Here’s another great lesson on practicing from our good friends over at Drummer Cafe.
Creativity is a key element in being the drummer you want to be. Using the pattern that you made up and putting it to use in a performance situation is a great feeling. Creativity is something that should be done every day, and trying to analyze a technical challenge in your practicing is no different. If you are creative you can find different angles to approach something and eventually overcome it.
This week, we cover how to effectively practice. Mike, Kyle, and Andrew bring news of reactions to the new Foo Fighters documentary, Dream Theater’s “new” drummer, Police meets Monty Python, how Steve Adler is recruiting, and the return of the Pearl Reference reference .. kind of. Show notes after the break!
It’s Thanksgiving Break, so eat some turkey with a show from the archives! This show was originally posted on October 6, 2005.
On this week’s show we discuss practice pedagogy, finding the right teacher, practice journals, and the three (or four) books every drummer should own. Dave is joined this week by Shane and Bryan (and Ian tries to iChat in, but can’t .. boo!) Show Notes
You can’t flip open a drum mag this month without catching a large, full-page ad for the Tru-Bounce Practice Pad – Aquarian’s foray into the crowded practice pad market. The Tru-Bounce is said to provide “an active playing surface of specially selected neoprene for a true and accurate response.”
Enclosed with the Tru-Bounce pad is a FREE pair of Power-Sleeve 5A drumsticks. Also included is a teacher approved rudiment sheet and two “Fact Sheets” by Roy Burns which cover some warm-up excersizes and tuning tips.
Can it beat out HQ’s Real Feel, the current champion of practice pad technology? When we get our hands on one, we’ll let you know!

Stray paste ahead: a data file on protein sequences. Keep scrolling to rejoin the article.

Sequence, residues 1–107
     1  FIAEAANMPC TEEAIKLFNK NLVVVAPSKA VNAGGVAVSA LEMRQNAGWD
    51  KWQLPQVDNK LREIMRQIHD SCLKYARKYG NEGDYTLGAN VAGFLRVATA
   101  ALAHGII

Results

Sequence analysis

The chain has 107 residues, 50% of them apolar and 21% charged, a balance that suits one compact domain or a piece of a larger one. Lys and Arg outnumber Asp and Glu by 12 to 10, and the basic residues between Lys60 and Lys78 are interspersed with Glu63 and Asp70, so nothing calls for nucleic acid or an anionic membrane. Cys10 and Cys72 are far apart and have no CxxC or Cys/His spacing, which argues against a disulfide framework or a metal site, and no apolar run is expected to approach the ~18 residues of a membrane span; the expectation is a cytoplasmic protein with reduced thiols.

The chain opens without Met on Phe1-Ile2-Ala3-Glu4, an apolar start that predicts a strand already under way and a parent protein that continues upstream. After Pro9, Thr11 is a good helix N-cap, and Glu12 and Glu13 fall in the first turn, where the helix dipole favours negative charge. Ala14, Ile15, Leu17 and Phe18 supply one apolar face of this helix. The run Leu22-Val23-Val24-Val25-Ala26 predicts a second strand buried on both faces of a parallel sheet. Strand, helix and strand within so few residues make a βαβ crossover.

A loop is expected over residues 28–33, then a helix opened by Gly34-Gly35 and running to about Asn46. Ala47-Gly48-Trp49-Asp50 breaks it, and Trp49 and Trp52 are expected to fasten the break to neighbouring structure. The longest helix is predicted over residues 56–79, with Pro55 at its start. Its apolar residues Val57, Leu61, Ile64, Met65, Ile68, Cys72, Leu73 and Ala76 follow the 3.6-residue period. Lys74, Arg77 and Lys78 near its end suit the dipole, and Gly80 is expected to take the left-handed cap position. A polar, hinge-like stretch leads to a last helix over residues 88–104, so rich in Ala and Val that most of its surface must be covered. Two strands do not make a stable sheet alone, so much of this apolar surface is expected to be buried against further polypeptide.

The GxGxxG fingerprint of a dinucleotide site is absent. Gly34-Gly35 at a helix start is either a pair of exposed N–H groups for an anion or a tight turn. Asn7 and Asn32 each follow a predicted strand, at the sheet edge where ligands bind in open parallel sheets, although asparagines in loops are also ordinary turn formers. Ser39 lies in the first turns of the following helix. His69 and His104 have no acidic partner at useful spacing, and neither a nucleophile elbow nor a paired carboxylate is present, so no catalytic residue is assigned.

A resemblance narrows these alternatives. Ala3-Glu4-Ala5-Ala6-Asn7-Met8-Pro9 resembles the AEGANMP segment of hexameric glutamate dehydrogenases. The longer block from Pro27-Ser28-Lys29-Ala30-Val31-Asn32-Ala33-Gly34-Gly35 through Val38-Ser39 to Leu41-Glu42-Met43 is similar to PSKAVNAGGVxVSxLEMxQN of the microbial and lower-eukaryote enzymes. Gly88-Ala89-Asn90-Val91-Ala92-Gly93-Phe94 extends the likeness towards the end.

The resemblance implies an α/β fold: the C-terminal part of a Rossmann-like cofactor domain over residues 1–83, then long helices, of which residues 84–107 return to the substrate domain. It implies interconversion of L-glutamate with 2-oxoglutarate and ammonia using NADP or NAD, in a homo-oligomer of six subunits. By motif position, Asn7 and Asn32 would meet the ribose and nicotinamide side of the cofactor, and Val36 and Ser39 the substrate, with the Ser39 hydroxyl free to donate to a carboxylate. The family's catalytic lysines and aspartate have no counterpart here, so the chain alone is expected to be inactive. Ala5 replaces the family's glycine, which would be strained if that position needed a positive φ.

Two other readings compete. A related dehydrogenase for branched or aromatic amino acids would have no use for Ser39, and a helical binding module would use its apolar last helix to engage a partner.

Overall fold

Here’s a little food for thought next time you sit down to practice.
Drummers are often guilty of growing their kit instead of growing themselves, and I’m as guilty as anyone else. We often try and open new doors (musically) by adding something to the kit. New ride, new hats, cowbells, shakers, special effects crashes, and octobans. in the hopes that one of these new additions will spark a new creative streak, I think we actually are doing ourselves harm. We’re trying to medicate an internal problem with stuff, and it doesn’t work. You’ll feel better for a little while but after that you’ll be in the same place but with a shiny new toy that might have cost a small fortune. I challenge you to do the unthinkable. I challenge you to shrink your kit. Read more…
This is the Brushup pad by Remo and Ed Thigpen (well, at least his name is on it…) As the name implies, this is a practice pad that is designed for being played with brushes. Some of the first things that I noticed is that this pad has a hoop just like a regular drum would. This is a huge plus in my opinion because you can do anything that you can do on a regular drum, and advanced brush technique often involves making using the rim. At 14 inches in diameter it’s the same size as most snare drums and unlike most practice pads, it’s round. Read more…